However, I wish Jih had elaborated on his point that Limbo suffers from ludonarrative dissonance. He mentions plenty of times that this is due to a lack of continuity between the gameplay and the narrative, but where are some examples of this? Although I enjoyed my time with Winterbottom, Limbo stands out more to me because of its mysterious, vague narrative and trial-by-error gameplay. We both agree that there certainly is a narrative with an underlying message that the player should pay attention to (which he affirms after his citation of Greg Kasavin’s thoughts on the continuity of the game), but the dichotomy between the gameplay and narrative isn’t as apparent as he makes it out to be. One thing he brings to the table is that the constant use of death and respawning during gameplay doesn’t bode well with the narrative (as in it doesn’t really make sense), and I can see this. But how do the puzzles lack continuity? Why do the gameplay constructions undermine the story? I might be missing something here.
Class Notes (Correction To Last Entry) – 01/14/14
One thing I forget is just how dark Limbois. Child murder, gore, impalement, horrifying creatures, and barbarism are just some of the macabre themes all throughout the game. Another thing I noticed is that I think I better understand what Jih was saying about the ludonarrative dissonance. Is he saying that the serious, mature, and unique aspects of the game (making it “avant-garde”) don’t coincide with the puzzles due to their “gamey” design? If so, I can see that to an extent. This isn’t evident in the beginning since the puzzles make sense within the environment, but when more puzzle solving and mechanics are later added into the mix, the puzzles – by becoming more difficult – make less sense in the context and presentation of the game. In other words, the puzzles are there for the purpose of making Limbo more of a traditional game when it shouldn’t be. However, this isn’t as noticeable when playing the game for the first time. Upon watching it again, that “ludonarrative dissonance” is clearer.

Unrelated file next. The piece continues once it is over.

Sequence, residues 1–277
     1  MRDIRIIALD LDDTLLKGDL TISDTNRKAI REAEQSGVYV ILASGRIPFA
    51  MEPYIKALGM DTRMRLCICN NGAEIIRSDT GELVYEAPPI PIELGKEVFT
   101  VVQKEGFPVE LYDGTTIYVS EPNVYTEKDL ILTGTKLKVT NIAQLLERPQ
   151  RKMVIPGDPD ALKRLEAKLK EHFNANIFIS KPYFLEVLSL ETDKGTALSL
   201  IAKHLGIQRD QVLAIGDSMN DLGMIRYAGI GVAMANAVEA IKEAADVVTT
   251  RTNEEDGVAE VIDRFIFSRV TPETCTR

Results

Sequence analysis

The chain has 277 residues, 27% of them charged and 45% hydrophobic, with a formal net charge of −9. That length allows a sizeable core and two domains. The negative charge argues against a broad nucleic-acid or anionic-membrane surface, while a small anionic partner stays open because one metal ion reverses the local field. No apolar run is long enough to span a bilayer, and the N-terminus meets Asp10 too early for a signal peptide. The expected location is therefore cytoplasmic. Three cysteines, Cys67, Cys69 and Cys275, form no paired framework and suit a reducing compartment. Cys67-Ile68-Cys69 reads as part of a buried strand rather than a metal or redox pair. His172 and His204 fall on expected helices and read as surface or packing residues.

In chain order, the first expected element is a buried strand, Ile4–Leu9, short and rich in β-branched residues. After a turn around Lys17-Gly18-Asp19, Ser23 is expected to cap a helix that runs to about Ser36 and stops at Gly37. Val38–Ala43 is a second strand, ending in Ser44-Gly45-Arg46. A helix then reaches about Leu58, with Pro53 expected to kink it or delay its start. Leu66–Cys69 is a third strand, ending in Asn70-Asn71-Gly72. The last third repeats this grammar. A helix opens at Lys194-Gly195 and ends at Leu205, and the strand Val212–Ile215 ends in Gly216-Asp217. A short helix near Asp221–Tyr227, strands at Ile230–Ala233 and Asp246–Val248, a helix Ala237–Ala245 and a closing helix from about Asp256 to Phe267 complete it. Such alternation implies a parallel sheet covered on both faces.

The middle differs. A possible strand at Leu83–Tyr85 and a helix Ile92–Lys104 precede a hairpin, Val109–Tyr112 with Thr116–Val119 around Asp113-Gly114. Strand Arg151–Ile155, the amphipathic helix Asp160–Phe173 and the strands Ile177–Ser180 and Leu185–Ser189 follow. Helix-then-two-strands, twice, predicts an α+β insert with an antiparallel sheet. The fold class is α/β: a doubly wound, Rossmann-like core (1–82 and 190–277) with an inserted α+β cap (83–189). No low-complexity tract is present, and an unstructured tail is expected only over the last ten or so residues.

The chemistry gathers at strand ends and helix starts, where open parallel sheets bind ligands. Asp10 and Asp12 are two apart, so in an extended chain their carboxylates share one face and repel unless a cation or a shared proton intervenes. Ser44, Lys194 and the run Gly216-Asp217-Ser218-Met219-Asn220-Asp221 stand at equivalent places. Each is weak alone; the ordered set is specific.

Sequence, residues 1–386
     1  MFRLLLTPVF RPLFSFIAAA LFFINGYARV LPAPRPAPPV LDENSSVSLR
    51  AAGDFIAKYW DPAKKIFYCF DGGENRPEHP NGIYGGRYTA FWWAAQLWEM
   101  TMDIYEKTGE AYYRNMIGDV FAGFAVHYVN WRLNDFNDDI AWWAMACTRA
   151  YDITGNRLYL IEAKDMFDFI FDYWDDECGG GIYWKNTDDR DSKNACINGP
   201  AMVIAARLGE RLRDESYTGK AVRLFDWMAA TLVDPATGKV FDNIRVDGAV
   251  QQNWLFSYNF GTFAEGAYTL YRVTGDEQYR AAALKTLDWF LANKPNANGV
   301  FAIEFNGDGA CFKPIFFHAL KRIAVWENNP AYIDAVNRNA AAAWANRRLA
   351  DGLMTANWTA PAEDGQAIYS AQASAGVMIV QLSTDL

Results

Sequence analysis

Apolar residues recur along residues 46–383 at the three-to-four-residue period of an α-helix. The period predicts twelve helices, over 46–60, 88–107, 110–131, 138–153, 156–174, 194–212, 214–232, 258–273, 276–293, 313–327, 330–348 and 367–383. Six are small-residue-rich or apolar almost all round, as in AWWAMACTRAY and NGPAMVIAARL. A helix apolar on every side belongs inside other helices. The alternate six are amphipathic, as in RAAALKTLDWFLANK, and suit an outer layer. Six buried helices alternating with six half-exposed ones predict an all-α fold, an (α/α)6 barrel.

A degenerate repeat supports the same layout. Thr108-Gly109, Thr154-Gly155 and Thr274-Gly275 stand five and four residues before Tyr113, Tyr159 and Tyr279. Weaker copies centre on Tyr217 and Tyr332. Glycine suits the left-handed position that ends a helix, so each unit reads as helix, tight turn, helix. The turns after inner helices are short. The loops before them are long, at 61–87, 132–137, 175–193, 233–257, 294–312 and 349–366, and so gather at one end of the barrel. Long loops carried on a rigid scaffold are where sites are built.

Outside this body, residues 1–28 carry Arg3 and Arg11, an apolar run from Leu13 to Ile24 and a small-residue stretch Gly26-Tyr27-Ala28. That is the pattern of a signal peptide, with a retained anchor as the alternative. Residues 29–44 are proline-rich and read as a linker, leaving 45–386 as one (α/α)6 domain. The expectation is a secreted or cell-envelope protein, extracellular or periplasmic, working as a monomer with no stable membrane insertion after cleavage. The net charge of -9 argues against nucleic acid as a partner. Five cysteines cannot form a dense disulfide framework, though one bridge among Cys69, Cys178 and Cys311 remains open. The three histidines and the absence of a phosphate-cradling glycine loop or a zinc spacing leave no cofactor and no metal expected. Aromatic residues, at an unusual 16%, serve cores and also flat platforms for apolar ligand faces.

Gameinformer #250’s Cover Story on Evolve – 01/16/14
Everybody’s heard of Left 4 Dead, but not a lot of people have heard of Turtle Rock Studios. This developer actually started out helping Valve create Counter-Strike: Condition Zero and came up with the main concept of Left 4 Dead. When enough employees were gathered, they became an independent studio as they stayed behind in California while most of Valve relocated to Seattle. Working on the DLC for Left 4 Dead and its sequel for a while, they finally came into their own with an idea for a co-operative/competitive multiplayer game that would eventually come to be known as Evolve. They decided to bring their ambitious game before publishers and settled with THQ, who thought that Turtle Rock Studios was on to something big. However, with the publisher’s bankruptcy about a year ago, the developer had to buy their yet-to-be-released franchise back from THQ with all of their money or let it go. Neither happened. 2K Games swooped in and bought it, setting the developer back on the path to finishing what they started.